LEGAL440-19C (HAM)

Special Topic: Issues in Comparative Criminal Law and Justice

15 Points

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Division of Arts Law Psychology & Social Sciences
Te Piringa - Faculty of Law
Faculty of Law Dean's Office

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: carolyne.taylor@waikato.ac.nz
: em.pooley@waikato.ac.nz

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  • Calling +64 7 838 4466 select option 1, then enter the extension.
  • Extensions starting with 4, 5, 9 or 3 can also be direct dialled:
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Paper Description

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Much has been written about the “global” nature of crime – human rights violations, the drug trade, and human trafficking, among others. But international crime must also be understood at the national and local level, where legal institutions and systems are created to respond to crime, and where their operation may lead to varying legal norms. This course will provide a comparative analysis of how crime is understood worldwide and will review how varying criminal justice systems respond to both local and international crime. Special attention will be paid to those national systems that mirror that of New Zealand while offering useful examples of approaches and norms that are different.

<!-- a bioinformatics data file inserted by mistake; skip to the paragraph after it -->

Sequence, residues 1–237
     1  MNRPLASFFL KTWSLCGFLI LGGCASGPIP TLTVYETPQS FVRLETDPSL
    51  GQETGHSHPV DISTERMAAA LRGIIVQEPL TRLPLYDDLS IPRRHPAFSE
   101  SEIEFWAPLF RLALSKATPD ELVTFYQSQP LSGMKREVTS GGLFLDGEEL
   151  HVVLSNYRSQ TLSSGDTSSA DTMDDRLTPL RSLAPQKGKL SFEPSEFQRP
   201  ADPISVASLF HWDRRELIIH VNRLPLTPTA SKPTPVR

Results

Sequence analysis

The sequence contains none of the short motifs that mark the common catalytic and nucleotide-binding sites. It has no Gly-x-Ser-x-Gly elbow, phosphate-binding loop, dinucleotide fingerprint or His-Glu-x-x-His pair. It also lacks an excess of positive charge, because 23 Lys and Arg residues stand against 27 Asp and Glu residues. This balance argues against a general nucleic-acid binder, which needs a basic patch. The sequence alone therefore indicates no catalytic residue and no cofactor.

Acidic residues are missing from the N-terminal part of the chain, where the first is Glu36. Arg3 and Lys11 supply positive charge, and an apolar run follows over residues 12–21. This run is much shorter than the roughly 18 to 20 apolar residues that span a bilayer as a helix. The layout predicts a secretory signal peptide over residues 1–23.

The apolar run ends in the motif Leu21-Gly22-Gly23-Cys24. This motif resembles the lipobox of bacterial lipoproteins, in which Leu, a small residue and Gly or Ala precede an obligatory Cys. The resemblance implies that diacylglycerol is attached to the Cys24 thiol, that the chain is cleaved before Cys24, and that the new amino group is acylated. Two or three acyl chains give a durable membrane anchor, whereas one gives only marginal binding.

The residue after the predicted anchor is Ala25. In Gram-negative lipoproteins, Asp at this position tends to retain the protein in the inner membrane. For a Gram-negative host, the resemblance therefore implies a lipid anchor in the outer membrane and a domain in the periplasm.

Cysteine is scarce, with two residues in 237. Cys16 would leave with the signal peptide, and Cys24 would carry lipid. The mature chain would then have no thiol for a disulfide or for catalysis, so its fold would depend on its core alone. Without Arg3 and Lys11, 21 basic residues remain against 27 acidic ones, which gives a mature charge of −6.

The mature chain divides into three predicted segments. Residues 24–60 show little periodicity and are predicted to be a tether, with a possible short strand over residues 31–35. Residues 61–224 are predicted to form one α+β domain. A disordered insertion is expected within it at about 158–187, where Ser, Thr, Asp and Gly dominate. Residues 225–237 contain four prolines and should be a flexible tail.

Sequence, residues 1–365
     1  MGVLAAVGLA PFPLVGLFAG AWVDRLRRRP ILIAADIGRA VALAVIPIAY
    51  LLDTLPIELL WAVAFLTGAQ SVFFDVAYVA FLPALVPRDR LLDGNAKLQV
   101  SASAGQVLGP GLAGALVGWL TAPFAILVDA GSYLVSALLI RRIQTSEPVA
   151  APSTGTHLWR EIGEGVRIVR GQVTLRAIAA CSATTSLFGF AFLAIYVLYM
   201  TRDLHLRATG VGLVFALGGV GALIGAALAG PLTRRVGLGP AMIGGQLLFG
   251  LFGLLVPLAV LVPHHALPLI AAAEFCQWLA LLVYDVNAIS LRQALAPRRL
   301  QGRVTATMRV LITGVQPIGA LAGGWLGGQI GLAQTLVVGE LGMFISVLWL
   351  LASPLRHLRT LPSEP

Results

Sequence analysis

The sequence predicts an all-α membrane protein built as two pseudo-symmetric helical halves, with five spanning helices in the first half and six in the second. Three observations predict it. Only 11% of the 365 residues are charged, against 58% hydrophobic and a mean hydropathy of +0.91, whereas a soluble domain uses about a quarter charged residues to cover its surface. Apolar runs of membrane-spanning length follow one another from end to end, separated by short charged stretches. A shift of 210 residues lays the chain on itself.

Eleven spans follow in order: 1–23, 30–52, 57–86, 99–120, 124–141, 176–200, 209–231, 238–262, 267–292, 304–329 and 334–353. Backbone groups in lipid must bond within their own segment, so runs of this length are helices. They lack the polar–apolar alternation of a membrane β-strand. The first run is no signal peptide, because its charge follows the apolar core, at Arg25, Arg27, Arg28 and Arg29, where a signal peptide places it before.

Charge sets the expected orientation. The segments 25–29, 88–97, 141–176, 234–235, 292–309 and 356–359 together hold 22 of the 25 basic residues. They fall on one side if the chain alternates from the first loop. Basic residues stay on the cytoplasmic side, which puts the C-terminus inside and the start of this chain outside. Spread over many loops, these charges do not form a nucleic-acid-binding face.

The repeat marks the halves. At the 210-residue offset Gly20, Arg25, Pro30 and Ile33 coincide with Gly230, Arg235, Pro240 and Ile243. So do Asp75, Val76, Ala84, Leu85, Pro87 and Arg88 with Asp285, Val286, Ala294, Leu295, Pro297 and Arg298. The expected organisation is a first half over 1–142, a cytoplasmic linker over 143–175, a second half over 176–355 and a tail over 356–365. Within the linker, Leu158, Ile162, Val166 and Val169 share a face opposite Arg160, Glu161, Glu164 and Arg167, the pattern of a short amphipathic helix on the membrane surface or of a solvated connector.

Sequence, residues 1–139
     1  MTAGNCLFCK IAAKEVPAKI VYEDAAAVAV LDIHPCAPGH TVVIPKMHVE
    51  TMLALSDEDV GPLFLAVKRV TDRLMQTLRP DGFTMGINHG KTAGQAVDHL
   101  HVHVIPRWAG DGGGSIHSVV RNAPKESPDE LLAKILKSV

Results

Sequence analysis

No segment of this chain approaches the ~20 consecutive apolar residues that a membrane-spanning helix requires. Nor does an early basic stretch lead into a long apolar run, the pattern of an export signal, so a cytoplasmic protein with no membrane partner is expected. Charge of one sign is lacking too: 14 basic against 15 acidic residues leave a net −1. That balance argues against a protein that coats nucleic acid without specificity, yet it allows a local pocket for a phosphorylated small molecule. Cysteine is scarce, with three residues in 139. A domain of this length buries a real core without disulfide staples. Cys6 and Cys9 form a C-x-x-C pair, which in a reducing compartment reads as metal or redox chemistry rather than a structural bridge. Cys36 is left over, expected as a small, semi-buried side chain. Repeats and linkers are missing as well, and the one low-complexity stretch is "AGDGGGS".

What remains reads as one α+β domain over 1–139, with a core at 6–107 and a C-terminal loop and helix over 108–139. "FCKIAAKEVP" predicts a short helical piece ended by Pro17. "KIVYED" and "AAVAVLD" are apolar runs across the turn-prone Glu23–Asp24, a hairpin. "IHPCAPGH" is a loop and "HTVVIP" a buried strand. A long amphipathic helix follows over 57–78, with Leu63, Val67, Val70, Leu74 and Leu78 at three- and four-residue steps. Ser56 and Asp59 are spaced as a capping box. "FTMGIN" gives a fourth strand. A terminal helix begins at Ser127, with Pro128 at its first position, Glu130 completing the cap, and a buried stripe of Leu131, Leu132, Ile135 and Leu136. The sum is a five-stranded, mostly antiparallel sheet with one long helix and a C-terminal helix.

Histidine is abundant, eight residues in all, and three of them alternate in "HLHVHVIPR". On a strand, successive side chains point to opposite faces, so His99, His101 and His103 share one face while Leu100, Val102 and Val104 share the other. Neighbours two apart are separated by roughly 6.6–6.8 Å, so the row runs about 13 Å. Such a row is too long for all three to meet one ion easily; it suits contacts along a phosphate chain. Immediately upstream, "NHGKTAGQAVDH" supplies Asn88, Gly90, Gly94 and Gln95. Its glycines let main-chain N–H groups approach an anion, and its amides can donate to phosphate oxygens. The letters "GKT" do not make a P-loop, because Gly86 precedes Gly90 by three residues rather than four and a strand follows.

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Paper Structure

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This course examines the different ways that crime is understood and then addressed in diverse regions and across various levels of government.As such, we will examine definitions of criminality, comparing interpretations at the international, regional, national, and even local level. We will explore varying philosophies and approaches to criminal enforcement and the differing institutions that provide enforcement. Along the way, we will examine specific types of crime. Among the topics to be covered are:

  • Definitions of crime and criminality;
  • International law and international human rights;